31 Jan Faith in humanity, restored!
Every day our news media is filled with stories that makes you question your faith in humanity: plane crashes, terrorist attacks, natural disasters, deaths of thousands of children in Syria, the migrant crisis in Europe. This list goes on.
Given the incessant drip of negativity, you’ll be forgiven for thinking that the world is getting worse by the day. You are not alone. 9 out of 10 people do not think that the world is getting better. However, a close look at cold facts suggests the contrary.
Oxford University economist Max Roser has compiled what is perhaps the most comprehensive online database of living standards globally. This site ourworldindata.org documents changes in health care, poverty, and economic development across the world over the last 200 years.
To make it easier to understand the transformation in living conditions, Roser made the chart below. He presents the history of a group of 100 people to see how their lives would have changed if they lived through this transformative period of the modern world over the last 200 years.
Click here to see a larger version of the chart.
Take child mortality for instance, over the last decade we have seen a very rapid decline of child mortality globally. In 1800, the health conditions of our ancestors were such that around 43% of the world’s newborns died before their 5th birthday. In 2015 the figure was down to 4.3%, a 10-fold lower than 2 centuries ago! Now that number is still way too high, particularly in developing countries. But you’ve got to acknowledge the significant progress that has been made so far.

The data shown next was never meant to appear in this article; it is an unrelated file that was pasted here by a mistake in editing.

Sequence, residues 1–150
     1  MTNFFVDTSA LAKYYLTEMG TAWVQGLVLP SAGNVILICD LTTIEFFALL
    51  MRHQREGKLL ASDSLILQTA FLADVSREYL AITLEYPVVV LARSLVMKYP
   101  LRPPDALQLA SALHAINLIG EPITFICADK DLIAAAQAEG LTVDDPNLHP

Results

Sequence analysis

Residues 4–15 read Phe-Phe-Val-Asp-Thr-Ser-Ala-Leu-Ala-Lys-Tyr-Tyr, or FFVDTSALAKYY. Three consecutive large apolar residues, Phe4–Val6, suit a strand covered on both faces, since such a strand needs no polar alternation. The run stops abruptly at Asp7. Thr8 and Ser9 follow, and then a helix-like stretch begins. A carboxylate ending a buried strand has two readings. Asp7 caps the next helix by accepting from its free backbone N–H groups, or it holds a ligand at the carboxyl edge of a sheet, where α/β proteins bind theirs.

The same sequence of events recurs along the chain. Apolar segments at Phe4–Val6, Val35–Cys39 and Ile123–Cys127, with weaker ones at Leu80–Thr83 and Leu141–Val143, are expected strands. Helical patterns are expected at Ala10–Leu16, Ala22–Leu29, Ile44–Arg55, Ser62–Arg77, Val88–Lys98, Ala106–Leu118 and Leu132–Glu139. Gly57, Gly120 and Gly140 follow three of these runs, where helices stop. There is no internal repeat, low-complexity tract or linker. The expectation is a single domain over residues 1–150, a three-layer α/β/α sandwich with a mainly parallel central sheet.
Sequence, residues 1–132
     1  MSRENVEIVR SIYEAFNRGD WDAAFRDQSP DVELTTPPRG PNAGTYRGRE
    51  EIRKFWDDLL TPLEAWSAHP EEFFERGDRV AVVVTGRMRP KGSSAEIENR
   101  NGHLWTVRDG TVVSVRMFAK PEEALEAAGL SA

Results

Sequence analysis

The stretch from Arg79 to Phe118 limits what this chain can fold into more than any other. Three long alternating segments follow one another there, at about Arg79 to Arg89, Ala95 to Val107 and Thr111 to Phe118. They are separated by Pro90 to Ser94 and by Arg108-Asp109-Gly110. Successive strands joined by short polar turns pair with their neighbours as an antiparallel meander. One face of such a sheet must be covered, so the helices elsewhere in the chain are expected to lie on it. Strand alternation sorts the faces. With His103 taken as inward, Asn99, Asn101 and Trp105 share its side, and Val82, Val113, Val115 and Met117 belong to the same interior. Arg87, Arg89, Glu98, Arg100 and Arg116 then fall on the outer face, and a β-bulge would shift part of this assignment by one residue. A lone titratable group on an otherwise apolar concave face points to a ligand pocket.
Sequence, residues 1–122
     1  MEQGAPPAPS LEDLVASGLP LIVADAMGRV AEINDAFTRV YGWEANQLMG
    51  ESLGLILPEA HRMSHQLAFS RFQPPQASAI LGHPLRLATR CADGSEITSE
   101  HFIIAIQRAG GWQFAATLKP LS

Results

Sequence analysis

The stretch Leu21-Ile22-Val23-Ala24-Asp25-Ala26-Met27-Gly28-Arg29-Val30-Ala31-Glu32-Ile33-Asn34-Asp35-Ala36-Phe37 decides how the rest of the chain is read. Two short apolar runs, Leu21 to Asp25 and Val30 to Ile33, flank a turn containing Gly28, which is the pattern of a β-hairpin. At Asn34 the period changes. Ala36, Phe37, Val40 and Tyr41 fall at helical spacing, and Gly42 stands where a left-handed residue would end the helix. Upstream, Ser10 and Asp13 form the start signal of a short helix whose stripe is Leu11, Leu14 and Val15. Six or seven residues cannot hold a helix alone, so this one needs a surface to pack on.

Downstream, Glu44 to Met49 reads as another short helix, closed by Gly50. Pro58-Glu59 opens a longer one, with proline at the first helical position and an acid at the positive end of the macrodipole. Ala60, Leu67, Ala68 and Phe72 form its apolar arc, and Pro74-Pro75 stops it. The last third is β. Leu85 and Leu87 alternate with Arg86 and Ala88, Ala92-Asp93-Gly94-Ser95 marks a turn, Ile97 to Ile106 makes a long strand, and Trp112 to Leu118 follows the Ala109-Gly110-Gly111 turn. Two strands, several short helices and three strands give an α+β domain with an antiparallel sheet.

Education is another example. In 1820 only every 1 in 10 people was literate; in 1930 it was 1 in 3 and now, the figure is over 8 in 10 people globally.
Roser notes that ‘none of the above should give us reason to become complacent. On the contrary, it shows us that a lot of work still needs to be done.’
The reality is that the world is a far better place than it used to be. The progress we’ve made so far should encourage and inspire us that even more is possible.
Rather than allowing ourselves to be crippled by fear of how bad things are, it’s far more productive to take courage and inspiration from the progress humanity has made so far!